Freedom of Expression and Incitement in the time of Social Media

social media freedom of expression

The recent imprisonment of former President Jacob Zuma has seen South Africa wrought with civil unrest. This unrest is said to be due to some parties believing that the former President’s imprisonment was unlawful. These parties have taken to both social media and the streets and expressed these views resulting in the incitement of the public. This incitement has resulted in extreme acts of violence and looting which has brought the country to a standstill. However, the question which we shall address today is whether the inciters of the violence or the perpetrators thereof hold the liability for these acts of violence.

The South African Constitution has entrenched the right to the freedom of expression to everyone which it governs. [1] However, this right is not an inalienable one and as such it has limitations thereto. The South African Constitution limits freedom of expression and is clear when dealing with incitement, section 16 holds that everyone has the right to the freedom of expression, however, such right does not extend to the incitement of imminent violence. [2] Where individuals take to social media or any other form of communication or merely speaking to someone in the street if the intent is to garner support and incite the public to commit acts of violence such incitement is unconstitutional and therefore unlawful. As such individuals who are found guilty of incitement may be held liable for damage caused as a result of such incitement. This does not exclude the perpetrators of the violence of liability, it however includes the perpetrators in the liability.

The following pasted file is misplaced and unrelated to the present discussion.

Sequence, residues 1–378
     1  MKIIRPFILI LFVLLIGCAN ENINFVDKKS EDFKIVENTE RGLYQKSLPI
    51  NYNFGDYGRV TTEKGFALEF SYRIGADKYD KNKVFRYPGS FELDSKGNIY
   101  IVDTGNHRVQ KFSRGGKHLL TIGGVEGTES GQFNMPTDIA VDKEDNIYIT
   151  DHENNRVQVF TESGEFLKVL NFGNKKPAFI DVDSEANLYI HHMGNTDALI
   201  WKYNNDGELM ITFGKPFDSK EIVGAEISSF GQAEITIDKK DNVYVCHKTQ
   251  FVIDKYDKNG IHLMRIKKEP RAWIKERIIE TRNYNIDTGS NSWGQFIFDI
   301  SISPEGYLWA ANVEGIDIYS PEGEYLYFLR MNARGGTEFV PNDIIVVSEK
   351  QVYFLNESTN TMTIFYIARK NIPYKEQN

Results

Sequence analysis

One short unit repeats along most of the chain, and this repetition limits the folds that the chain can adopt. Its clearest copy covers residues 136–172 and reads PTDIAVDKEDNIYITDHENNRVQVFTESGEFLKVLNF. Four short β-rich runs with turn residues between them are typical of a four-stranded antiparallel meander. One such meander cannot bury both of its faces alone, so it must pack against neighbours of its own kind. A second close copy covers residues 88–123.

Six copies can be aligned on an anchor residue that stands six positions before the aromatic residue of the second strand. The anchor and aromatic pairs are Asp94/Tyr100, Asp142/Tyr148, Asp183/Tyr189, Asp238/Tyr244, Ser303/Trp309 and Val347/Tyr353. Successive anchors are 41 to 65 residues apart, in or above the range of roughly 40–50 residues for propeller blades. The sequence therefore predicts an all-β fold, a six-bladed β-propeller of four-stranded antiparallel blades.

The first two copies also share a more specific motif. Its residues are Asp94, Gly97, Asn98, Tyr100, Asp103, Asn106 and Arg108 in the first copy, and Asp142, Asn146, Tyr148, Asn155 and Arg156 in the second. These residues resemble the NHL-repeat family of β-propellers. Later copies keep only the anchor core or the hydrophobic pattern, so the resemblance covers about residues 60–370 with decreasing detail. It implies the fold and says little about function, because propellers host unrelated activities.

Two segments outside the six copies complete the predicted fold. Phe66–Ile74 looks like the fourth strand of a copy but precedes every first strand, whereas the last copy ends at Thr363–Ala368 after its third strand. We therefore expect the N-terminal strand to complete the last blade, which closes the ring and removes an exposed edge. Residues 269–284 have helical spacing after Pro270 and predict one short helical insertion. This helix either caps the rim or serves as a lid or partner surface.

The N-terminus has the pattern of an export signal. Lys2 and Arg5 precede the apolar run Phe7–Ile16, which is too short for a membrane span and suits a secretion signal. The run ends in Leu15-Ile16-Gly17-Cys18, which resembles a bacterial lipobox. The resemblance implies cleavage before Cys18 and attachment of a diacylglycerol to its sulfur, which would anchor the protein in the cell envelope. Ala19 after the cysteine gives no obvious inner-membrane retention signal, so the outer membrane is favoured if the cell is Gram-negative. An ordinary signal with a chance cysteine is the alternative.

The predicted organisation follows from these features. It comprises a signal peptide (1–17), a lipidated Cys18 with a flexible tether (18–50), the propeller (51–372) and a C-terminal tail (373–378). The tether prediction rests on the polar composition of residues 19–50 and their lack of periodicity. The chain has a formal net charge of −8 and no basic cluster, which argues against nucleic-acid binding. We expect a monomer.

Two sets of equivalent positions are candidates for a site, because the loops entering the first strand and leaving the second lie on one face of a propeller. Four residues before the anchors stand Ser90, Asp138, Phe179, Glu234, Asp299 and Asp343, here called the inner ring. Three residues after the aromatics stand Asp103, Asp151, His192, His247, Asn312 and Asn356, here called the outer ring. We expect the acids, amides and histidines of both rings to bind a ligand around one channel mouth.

Individuals posting inciteful content on their social media accounts cannot claim that they do not intend for it to be interpreted by the public as a call for an uprising. With section 16 of the Constitution of the Republic of South Africa and now with the recently enacted Cybercrimes Act, individuals open themselves up to potential prosecution for such acts. The Cybercrimes Act has established the powers and jurisdiction for the National Prosecuting Authority to charge and prosecute individuals inciting violence and as such one should avoid such unlawful acts.

[1] Constitution of the Republic of South Africa, 1996.
[2] Constitution of the Republic of South Africa, 1996.


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Saeedah Salie
Candidate Attorney


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